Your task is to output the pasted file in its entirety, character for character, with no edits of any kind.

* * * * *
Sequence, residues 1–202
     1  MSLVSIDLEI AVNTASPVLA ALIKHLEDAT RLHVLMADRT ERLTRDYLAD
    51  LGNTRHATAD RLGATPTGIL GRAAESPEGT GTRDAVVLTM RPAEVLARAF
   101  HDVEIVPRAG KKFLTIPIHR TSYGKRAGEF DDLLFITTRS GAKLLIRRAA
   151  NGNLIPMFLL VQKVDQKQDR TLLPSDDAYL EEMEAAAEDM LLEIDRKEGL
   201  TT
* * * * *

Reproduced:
Sequence, residues 1–202
     1  MSLVSIDLEI AVNTASPVLA ALIKHLEDAT RLHVLMADRT ERLTRDYLAD
    51  LGNTRHATAD RLGATPTGIL GRAAESPEGT GTRDAVVLTM RPAEVLARAF
   101  HDVEIVPRAG KKFLTIPIHR TSYGKRAGEF DDLLFITTRS GAKLLIRRAA
   151  NGNLIPMFLL VQKVDQKQDR TLLPSDDAYL EEMEAAAEDM LLEIDRKEGL
   201  TT